“We see a shift from stigmatization toward criminalization of investing in higher oil production.” – Bob McNally, former White House official, “This Time Is Different” Bloomberg May 30, 2021
“From today, halt all investment in new fossil fuel supply projects and make no further final investment decisions for new unabated coal plants.” – IEA Roadmap to Net Zero by 2050
Whether you think global warming is a hoax and no technology has done more to uplift billions of people out of abject poverty than the harnessing of fossil fuels, or you think the burning of fossil fuels is irreversibly destroying the planet and urgent action to halt their use should be the top priority of humankind, or even if you think both of these things, this article is for you.
I can assure all sides the following: unless something substantial changes – and soon – the price of oil is going way higher. Is $300 oil probable? Perhaps not, but it makes for excellent clickbait. Is $300 oil impossible? Absolutely not.
Consider some history.
In the third week of February, 2021, a massive cold snap impacted much of the Lower 48 states. The power grid in Texas nearly collapsed. Just as demand for heating and power was reaching its most desperate apex, the supply of natural gas collapsed. The infrastructure simply couldn’t handle the depths of the freeze. The result? Prices of natural gas at several large trading hubs across the US skyrocketed to unthinkable levels. This chart from the US Energy Information Administration captures it well:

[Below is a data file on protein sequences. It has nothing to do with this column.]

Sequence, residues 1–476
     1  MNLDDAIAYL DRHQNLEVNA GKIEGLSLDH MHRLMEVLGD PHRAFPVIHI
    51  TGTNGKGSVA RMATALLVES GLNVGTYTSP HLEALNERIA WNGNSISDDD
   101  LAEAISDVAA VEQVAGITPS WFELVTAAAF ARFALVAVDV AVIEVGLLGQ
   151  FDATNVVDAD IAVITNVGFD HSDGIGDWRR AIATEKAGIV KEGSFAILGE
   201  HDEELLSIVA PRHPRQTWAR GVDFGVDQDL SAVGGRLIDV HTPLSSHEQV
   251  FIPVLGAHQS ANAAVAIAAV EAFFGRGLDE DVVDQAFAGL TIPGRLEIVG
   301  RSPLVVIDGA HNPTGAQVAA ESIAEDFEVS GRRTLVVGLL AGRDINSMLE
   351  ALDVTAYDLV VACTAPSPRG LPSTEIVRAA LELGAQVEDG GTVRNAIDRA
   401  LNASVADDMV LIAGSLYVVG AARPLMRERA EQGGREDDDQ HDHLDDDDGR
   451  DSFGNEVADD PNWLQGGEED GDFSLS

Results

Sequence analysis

So how can we compare these prices to the price of oil? One of the problems with comparing quoted prices for different sources of energy is they are priced in different units, which is mostly an accident of history. For example, natural gas is priced in dollars per million British thermal units (BTUs), whereas oil is priced in dollars per barrel (a barrel being 42 gallons), and gasoline is priced in dollars per gallon (a gallon being a gallon). Habits are hard to break.
To create an apples-to-apples comparison of what these prices mean, a useful trick is to first levelize everything to millions of BTUs, which is how natural gas is sold anyway, and it just happens to be a direct measure of the inherent energy content embedded in a fuel. A standard barrel of oil contains 5.8 million BTUs. If you take the current price of oil (in dollars per barrel) and divide it by the current price of natural gas (in million BTUs), you’ll almost always get a number higher than 5.8, which makes sense because oil is generally more useful than natural gas and natural gas is often a byproduct of oil production. But on an energy-content-equivalency basis, 5.8 is the number. To put natural gas prices into an energy-contained-in-oil-equivalency basis, we simply do the reverse and multiply the price of natural gas, expressed in millions of BTUs, by 5.8.
We are now ready to put the prices for natural gas in the chart above into shocking context. On an energy-contained-in-oil-equivalency basis, natural gas prices reached the following levels in February:
SoCal Citygate: $835 per barrel
Chicago Citygate: $752 per barrel
Houston Ship Channel: $2,320 per barrel
Waha: $1,196 per barrel
OGT: $6,919 per barrel
Henry Hub: $137 per barrel
Agua Dulce: $528 per barrel
Do I have your attention?